Tuesday, November 23, 2010

A Del Rio Thanksgiving Meal

Wine and food have always been meant for each other. This week offers a significant opportunity and challenge to making the combination shine. Thanksgiving is a meal filled with a delicious variety of flavors often making the pairing of wine a slight challenge. Here are our recommendations for pairings for traditional Thanksgiving dishes.

White Wine
2009 Del Rio Pinot Gris
The light gold color of the Pinot Gris brings in the true varietal flavors of apple, pear with a touch of almond and vanilla.
The Pinot Gris would be a great wine to serve and start off your dinner. It pairs wonderfully with fresh veggies and green salad.

2008 Del Rio Chardonnay
This wine has a very nice weight to accompany its exciting crispiness.
Our Chardonnay would balance nicely with a crab cake appetizer or a base for your turkey. The wine would also compliment the creamy traditional green bean casserole.

2009 Del Rio Viognier
The nose displays aromas of peach, grapefruit and fresh mint flavors. On the palate the smooth texture is held up by the acidity with a slight lemon characteristic.
As many will tell you pair a white wine with a light meat and our Viognier is a perfect match for your turkey. It too will marry well with a green salad.

Red Wine
2009 Del Rio Pinot Noir
Our 2009 Pinot Noir has a bright ruby color and displays aromas of cherry, rosemary, and vanilla.
This delicate red is a traditional favorite to pair with a turkey dinner. Our 2009 Pinot is a great staple to have on every Thanksgiving table.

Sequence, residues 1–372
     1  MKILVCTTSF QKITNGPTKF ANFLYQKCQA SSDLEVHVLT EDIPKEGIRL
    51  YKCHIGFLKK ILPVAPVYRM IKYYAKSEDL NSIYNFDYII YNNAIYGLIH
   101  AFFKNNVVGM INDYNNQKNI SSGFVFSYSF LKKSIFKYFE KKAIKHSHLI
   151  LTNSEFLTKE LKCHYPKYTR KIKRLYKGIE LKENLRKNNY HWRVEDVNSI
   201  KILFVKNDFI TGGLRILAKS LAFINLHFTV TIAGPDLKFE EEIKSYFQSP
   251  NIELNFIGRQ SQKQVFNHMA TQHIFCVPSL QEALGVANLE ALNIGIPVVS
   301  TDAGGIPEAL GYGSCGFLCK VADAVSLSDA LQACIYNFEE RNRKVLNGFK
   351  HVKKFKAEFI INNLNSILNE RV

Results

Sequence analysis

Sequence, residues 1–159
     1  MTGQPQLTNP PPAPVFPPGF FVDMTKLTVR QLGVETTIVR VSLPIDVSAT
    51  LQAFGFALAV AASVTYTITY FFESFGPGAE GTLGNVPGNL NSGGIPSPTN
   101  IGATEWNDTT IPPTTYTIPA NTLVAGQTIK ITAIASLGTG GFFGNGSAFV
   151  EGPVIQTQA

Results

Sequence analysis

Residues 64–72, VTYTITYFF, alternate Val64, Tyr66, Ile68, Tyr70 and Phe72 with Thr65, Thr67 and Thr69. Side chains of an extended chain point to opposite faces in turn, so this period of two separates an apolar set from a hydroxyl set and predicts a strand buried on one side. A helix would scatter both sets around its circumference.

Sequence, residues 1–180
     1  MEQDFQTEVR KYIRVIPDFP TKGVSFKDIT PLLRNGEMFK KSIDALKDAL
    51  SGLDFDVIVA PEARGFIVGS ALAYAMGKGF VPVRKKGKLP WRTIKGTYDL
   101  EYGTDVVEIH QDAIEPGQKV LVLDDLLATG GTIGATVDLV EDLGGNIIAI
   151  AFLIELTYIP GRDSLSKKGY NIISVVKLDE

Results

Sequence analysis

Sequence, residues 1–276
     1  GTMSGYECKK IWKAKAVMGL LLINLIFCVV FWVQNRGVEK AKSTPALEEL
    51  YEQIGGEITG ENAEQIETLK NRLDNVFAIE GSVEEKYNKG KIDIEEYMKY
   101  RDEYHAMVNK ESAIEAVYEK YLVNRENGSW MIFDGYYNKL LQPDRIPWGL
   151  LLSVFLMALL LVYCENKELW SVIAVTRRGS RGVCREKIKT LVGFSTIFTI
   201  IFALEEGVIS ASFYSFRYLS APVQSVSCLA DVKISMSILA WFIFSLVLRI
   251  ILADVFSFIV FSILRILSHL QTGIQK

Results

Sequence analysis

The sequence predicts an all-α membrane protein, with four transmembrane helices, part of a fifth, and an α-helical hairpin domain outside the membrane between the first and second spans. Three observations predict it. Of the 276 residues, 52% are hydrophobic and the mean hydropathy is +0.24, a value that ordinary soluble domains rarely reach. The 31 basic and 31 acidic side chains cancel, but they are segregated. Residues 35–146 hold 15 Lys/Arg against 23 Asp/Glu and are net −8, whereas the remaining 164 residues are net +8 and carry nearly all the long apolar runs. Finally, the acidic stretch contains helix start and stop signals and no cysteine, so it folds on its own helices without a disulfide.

2009 Del Rio Rose Jolee
Fragrance of honeysuckle and roses, this delicately sweet wine is the perfect partner for summertime fun! Aromas leap out of the glass in an explosion of peach and tangerine. The flavors of citrus balance well with the aromas and, a slight spritz completes this fun wine.
This wine is the perfect refreshment to the end of your meal. It can stand alone as dessert or be paired with your jello salad or sweet potatoes.

Cheers to a delicious meal surrounded by those you love. We hope you all will have warm and full bellies this Thanksgiving!

Visit our online store to purchase your holiday wine today. Enter coupon code: NovShip for free ground shipping. Excludes HI & AK.

Saturday, November 20, 2010

Roam the Rogue: Fall Passport Tour

We are excited to announce our participation in the "Fall Passport Tour," Roam the Rogue. On Saturday, November 27th from 11:00am to 5:00pm take a tour of the Upper Rogue Valley Vintners. Join us as each of the Upper Rogue Valley winemakers introduce their newest wines and share their inspiration while paring delicious appetizers with some of the best wines from each of the participating wineries.

The following wineries are participating:
Agate Ridge Vineyard
Cliff Creek Cellars
Crater Lake Cellars
Daisy Creek Vineyard
Del Rio Vineyards*
Folin Cellars
Madrone Mountain Vineyard
RoxyAnn Winery

Tickets are only $25 per person and include a commemorative Riedel glass; plus delicious appetizers and wine tasting at all 8 participating wineries. Tickets are only available for purchase online. Click here to purchase tickets. Visit the Roam the Rogue website for more information including a tour map. Please feel free to contact us if you have any questions, taste@delriovineyards.com

*Del Rio will be pairing a delicious cheese soup with our 2008 Chardonnay. Watch the video below for the recipe. We also will be offering some wonderful Roam the Rogue six pack deals.

Del Rio's Kitchen: Cheese Soup

Thursday, November 11, 2010

Home Winemaking installment #5

We are happy to say our Cabernet Sauvignon is in the fermentation process right now! It must have started over the weekend while we were away. I came to work on Monday and to my delight there was a “cap” in each of the buckets. The cap occurs when fermentation starts and the berries float to the top. Since we are making a red wine, we need to extract the color from the skins to develop the deep dark red character of a Cabernet.